This October tour by children’s authors is always a brilliant opportunity to encourage reading, promote children’s books and have fun with creative writing. And with the festival capering back into post-pandemic schools and libraries this year, it’s been a joy to leave screens behind and visit in person. In Cork, Clare, Carlow, Galway and Dublin, 4th to 6th classes have explored themes from Chameleon Dad, joining heroine Connie on her journey to find her true family. Along the way, we’ve gone virtual fossil hunting and designed dinosaurs, from the large-nosed Conkosaurus to the well-read Thesaurus rex.

And there’s more Design-a-saurus fun on the way, with school and family events this weekend at the Dublin Book Festival, and at the National Library on December 10th.

Children's Book Festival
Children's Book Festival

CRUMLIN HOSPITAL

As writer in residence at Our Lady’s Hospital School in Crumlin, it’s a huge privilege to run weekly writing workshops with children who are well enough to attend. Through fun writing exercises they invent worlds and explore their hopes and dreams. Over the last few years they’ve produced two books. In My Handbook of Heroes they reinvented themselves as superheroes and wrote about their real-life heroes. In Nation Creation they dreamed up their ideal countries, complete with laws, national costumes, holidays and foods. And this October, children have been realising their hopes and dreams on paper. One girl described performing life-saving surgery as a cardiothoracic surgeon then walking out of the operating theatre into the hugs and tears of joy of the patient’s family.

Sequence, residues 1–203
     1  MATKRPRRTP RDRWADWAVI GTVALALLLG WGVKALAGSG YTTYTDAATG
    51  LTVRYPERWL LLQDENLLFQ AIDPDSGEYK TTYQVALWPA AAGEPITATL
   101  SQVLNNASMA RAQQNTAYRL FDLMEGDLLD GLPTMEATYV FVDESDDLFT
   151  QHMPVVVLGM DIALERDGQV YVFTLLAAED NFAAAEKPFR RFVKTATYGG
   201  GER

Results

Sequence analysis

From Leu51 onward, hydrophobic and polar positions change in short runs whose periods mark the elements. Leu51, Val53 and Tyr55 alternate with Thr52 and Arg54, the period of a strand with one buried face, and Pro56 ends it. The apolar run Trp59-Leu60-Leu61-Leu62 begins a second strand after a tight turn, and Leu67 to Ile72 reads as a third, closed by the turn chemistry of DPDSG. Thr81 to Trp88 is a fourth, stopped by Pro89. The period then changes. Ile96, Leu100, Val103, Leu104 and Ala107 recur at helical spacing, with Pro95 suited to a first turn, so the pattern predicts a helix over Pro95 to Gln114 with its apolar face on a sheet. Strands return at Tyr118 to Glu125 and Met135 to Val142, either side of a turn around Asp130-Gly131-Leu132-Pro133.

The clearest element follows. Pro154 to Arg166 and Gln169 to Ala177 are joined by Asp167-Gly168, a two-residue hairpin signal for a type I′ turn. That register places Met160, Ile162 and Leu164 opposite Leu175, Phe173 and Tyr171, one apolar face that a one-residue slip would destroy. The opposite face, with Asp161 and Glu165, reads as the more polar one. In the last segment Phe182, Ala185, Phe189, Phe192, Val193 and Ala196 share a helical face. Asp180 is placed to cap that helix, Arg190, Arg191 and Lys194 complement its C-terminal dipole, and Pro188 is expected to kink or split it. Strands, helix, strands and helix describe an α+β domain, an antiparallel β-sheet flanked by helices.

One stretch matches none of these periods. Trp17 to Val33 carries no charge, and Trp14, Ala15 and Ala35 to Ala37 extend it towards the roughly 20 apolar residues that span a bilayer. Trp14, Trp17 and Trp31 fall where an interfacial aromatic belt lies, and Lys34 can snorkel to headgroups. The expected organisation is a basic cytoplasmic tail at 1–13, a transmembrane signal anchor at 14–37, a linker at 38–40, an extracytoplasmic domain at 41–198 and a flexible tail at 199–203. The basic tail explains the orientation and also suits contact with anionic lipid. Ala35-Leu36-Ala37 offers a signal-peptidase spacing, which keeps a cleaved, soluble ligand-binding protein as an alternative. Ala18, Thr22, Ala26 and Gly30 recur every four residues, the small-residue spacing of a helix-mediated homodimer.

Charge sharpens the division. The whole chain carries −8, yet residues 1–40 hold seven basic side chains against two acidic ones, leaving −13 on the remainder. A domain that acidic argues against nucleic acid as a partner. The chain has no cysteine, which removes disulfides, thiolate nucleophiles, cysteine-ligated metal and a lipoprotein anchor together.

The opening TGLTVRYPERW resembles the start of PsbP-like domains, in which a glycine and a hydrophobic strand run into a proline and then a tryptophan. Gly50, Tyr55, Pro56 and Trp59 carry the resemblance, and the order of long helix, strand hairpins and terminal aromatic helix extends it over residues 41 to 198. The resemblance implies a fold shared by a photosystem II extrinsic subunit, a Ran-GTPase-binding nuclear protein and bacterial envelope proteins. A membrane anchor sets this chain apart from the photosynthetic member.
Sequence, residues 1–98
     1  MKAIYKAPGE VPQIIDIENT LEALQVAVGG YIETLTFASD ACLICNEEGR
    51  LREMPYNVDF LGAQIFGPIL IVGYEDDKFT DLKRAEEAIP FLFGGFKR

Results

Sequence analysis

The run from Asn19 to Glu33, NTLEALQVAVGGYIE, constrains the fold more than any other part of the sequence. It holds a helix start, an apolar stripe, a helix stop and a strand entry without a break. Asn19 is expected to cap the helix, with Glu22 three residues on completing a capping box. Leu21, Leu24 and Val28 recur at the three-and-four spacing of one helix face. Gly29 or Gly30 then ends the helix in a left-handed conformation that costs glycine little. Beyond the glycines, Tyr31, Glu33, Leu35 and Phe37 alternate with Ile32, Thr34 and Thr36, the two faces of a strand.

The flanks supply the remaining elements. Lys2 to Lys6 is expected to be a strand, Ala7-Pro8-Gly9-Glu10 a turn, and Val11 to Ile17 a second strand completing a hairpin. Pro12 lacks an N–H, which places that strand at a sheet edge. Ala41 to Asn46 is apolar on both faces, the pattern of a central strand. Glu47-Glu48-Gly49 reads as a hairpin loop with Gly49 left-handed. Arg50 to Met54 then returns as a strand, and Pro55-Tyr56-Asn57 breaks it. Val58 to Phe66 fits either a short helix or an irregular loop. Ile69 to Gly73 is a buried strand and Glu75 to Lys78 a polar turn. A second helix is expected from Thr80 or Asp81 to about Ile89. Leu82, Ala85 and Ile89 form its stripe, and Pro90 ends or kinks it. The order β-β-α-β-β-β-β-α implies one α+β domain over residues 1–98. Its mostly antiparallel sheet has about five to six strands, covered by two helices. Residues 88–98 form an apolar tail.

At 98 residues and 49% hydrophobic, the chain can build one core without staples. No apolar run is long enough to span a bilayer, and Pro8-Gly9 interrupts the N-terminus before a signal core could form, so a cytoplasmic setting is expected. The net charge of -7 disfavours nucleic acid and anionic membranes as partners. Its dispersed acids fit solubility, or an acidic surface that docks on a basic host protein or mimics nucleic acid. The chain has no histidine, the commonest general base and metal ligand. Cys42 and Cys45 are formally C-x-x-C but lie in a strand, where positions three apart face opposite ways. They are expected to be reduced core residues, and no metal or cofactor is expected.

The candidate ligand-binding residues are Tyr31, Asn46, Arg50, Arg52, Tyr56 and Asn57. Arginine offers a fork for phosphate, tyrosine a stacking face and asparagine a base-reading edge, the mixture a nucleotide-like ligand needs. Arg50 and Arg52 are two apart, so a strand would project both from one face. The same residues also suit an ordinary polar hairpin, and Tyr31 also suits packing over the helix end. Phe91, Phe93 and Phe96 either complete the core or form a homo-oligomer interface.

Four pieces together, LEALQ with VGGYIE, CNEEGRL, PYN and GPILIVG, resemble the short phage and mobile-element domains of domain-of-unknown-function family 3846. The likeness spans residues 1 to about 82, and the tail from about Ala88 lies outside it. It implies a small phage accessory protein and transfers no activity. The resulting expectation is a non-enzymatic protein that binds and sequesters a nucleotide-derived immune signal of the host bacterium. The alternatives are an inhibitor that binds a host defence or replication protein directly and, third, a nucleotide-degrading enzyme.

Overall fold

STORYSHAPED

This fascinating podcast invites children’s writers to share the stories that have shaped them and that influence the stories they write. It’s wonderful to get to know writers in this way – I’ve been listening in the car on the way to Children’s Book Festival and have loved hearing the choices of Olivia Hope, E.R. Murray, Sam Thompson and others. And it’s been equally fun to participate, joining Sinéad and Susan to discuss our favourite and formative stories. Their brilliant questions and insights set us whooshing from the start. Listen to the episode.

Storyshaped